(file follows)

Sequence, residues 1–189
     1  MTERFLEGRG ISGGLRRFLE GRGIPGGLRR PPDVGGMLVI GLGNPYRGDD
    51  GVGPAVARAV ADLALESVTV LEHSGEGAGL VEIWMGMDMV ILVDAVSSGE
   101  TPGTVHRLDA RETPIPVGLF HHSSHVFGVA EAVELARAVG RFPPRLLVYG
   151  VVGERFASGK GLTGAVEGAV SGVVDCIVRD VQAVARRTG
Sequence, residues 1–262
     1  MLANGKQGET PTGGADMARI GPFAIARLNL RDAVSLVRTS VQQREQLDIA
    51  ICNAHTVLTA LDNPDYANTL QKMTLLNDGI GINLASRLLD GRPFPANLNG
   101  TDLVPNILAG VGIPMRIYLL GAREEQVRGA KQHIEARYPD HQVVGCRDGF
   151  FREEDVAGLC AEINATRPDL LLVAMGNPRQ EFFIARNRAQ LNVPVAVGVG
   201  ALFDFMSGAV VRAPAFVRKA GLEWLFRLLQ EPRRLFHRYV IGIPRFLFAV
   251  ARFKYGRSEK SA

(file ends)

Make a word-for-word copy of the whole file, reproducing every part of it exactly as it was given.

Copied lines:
Sequence, residues 1–189
     1  MTERFLEGRG ISGGLRRFLE GRGIPGGLRR PPDVGGMLVI GLGNPYRGDD
    51  GVGPAVARAV ADLALESVTV LEHSGEGAGL VEIWMGMDMV ILVDAVSSGE
   101  TPGTVHRLDA RETPIPVGLF HHSSHVFGVA EAVELARAVG RFPPRLLVYG
   151  VVGERFASGK GLTGAVEGAV SGVVDCIVRD VQAVARRTG
Sequence, residues 1–262
     1  MLANGKQGET PTGGADMARI GPFAIARLNL RDAVSLVRTS VQQREQLDIA
    51  ICNAHTVLTA LDNPDYANTL QKMTLLNDGI GINLASRLLD GRPFPANLNG
   101  TDLVPNILAG VGIPMRIYLL GAREEQVRGA KQHIEARYPD HQVVGCRDGF
   151  FREEDVAGLC AEINATRPDL LLVAMGNPRQ EFFIARNRAQ LNVPVAVGVG
   201  ALFDFMSGAV VRAPAFVRKA GLEWLFRLLQ EPRRLFHRYV IGIPRFLFAV
   251  ARFKYGRSEK SA